Although Toyota is currently the only company with a self-parking car on the market, others have self-parking systems in the works. In 2004, a group of students at Linköping University in Sweden collaborated with Volvo on a project called Evolve. The Evolve car can parallel park autonomously. The students fitted a Volvo S60 with sensors and a computer in its trunk, which controls the steering wheel as well as the gas and brake pedals. You can see a video of this car in action here. Seimens VDO is working on a standalone driver assistance system called Park Mate, which would help drivers find a space as well as park in it.

Seimens VDO's Park Mate would help drivers find parking spots as well as park in them.
Image courtesy Seimens VDO

A car that can take control of the wheel to park itself is one thing, but a self-driving car is another. It seems like a futurist's dream: millions of fuel-efficient cars driving smoothly under computer control, safely avoiding collisions and maintaining safe speeds, while the "drivers" sit back and watch TV or take a nap. How far are we from a "Jetsons"-like autotopia? Probably pretty far.

Many people enjoy driving, so it might be difficult for them to relinquish control of their vehicles to a computer, even if it would be safer. Product liability laws also have to be taken into account. However, the technology isn't far away. General Motors plans to offer a self-driving 2008 Opel Vectra to German drivers. The car will drive by itself at 60 mph, using a system of cameras, lasers and computers to track lanes, road signs, curves, obstacles and other cars. [ref].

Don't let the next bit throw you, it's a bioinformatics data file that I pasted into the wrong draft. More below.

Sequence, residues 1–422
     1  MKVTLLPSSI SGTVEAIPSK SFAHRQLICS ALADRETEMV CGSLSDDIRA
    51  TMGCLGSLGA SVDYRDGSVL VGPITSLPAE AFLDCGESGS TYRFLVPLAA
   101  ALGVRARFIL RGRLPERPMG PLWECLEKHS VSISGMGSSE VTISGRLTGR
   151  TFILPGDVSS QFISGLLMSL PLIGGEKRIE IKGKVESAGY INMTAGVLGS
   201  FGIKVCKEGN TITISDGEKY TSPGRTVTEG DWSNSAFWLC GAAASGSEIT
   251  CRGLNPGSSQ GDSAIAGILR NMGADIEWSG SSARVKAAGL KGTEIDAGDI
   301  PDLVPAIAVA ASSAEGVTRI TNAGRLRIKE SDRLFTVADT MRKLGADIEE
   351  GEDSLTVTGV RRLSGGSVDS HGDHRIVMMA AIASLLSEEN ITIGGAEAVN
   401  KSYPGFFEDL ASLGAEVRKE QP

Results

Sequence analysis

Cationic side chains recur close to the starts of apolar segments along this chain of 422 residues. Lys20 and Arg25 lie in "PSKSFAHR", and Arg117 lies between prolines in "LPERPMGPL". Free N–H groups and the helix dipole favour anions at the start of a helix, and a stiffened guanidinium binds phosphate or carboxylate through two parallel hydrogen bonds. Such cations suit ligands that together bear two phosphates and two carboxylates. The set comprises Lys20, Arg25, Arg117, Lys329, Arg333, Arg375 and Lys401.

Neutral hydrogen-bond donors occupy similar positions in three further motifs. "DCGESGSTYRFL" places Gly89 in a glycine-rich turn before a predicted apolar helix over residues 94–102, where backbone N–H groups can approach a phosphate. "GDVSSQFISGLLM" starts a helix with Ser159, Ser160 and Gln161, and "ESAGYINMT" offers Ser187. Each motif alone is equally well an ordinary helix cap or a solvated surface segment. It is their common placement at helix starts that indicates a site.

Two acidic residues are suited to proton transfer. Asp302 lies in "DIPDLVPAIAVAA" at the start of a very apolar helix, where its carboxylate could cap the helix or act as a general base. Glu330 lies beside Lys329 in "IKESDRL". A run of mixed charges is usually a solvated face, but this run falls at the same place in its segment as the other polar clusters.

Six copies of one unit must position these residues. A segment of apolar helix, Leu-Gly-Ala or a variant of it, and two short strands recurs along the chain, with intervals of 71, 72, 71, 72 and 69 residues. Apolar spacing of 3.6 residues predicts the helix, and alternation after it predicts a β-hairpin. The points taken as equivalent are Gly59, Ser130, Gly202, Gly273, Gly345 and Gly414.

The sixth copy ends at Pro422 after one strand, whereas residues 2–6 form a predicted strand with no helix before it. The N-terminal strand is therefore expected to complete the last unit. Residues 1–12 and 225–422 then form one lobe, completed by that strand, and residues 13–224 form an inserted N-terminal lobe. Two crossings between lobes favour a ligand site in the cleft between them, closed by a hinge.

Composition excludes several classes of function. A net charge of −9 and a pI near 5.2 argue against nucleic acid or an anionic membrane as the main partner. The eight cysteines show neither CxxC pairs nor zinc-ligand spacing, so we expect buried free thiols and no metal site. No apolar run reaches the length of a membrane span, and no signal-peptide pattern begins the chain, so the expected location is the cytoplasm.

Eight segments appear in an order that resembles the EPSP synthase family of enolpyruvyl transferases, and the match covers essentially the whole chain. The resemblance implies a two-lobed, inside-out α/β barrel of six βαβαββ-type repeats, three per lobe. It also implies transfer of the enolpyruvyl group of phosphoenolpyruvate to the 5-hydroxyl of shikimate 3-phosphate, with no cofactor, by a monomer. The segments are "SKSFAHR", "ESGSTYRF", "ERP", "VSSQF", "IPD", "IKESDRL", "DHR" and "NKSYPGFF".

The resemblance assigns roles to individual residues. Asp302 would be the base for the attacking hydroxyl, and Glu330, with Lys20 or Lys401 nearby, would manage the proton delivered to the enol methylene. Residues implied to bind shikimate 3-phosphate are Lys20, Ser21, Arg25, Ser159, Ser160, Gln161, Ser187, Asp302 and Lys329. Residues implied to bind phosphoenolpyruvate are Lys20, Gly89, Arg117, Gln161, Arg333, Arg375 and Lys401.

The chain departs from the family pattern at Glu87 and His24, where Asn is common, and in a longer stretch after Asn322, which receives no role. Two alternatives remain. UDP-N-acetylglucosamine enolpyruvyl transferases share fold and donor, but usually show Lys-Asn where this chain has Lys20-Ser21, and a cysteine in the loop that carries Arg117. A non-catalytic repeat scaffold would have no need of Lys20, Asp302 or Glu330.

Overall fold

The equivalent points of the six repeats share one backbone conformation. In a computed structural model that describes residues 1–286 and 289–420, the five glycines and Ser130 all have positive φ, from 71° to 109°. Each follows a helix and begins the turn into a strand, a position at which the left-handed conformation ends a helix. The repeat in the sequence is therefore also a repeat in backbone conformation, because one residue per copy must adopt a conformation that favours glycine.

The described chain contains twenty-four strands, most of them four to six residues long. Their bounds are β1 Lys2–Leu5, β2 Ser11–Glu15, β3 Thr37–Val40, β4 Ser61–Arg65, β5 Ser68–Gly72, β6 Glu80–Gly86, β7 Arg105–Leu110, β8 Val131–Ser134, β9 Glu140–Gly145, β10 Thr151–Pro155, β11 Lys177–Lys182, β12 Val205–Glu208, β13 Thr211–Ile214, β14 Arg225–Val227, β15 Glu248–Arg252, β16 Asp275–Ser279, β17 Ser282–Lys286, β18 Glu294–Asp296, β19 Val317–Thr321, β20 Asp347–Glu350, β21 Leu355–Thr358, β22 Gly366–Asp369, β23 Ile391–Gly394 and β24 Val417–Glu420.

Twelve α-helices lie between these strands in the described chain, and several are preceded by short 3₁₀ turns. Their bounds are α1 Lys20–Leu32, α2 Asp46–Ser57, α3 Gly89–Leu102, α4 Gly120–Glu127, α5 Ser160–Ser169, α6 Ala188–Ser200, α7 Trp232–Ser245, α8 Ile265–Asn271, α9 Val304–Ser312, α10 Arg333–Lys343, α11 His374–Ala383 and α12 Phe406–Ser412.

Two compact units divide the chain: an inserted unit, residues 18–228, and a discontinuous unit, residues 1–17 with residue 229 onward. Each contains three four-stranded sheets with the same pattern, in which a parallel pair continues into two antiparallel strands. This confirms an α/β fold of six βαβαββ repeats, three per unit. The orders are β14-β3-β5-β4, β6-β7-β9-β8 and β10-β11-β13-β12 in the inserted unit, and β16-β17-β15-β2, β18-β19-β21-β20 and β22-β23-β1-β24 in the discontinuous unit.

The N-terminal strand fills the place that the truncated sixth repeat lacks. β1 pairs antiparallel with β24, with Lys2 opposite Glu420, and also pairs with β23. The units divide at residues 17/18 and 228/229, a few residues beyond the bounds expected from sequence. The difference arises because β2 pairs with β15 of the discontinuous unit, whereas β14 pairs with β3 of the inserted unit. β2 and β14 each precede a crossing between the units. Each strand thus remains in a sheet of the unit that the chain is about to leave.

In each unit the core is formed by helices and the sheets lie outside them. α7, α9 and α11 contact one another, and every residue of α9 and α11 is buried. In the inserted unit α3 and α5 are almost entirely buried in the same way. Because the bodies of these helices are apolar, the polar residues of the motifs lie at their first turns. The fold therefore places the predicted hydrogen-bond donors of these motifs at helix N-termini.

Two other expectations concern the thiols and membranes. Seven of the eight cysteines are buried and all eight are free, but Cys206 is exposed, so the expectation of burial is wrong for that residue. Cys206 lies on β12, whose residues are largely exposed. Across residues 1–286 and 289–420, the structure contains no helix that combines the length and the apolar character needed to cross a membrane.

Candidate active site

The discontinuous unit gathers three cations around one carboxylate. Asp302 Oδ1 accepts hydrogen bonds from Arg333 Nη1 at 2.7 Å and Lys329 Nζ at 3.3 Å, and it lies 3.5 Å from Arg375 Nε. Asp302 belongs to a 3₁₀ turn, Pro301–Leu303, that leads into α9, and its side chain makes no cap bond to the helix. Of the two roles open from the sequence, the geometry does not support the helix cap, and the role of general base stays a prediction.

The 2008 Opel Vectra at the 2006 Opel Zentrum in Berlin, Germany.
Public domain image

Some cars already have a semi-automated cruise control system, known as adaptive cruise control. This system allows the driver to set a speed, just like regular cruise control. However, this system uses lasers to detect the distance to any vehicles on the road ahead, and automatically slows the car down if it gets too close.

Another upcoming development would use wireless technology to connect cars to each other. If one car detected slippery conditions on a curve, cars behind it would receive the information and slow down. Traction control systems would also kick into action. In addition, this system could detect traffic conditions by tracking the speeds of other cars and then suggest alternate routes.

While self-parking cars might seem like a frivolous luxury at the moment, they're actually the next step in the evolution of automotive technology.For lots more information about self-parking cars, car systems and related topics, check out the links on the next page.


Lots More Information

Related HowStuffWorks Articles

More Great Links

  • "A Car That (Really) Drives Itself: The 2008 Opel Vectra." Edmunds.
  • Ditlea, Steve. "Self-parking cars." Omni, Sept. 1992. mi_m1430/is_n12_v14/ai_12516738
  • Horrell, Paul. "The Future of the Car." Popular Science. f2909aa138b84010vgnvcm1000004eecbccdrcrd.html
  • "Self-parking cars coming into U.S."
  • "Volvo car's self-parking system."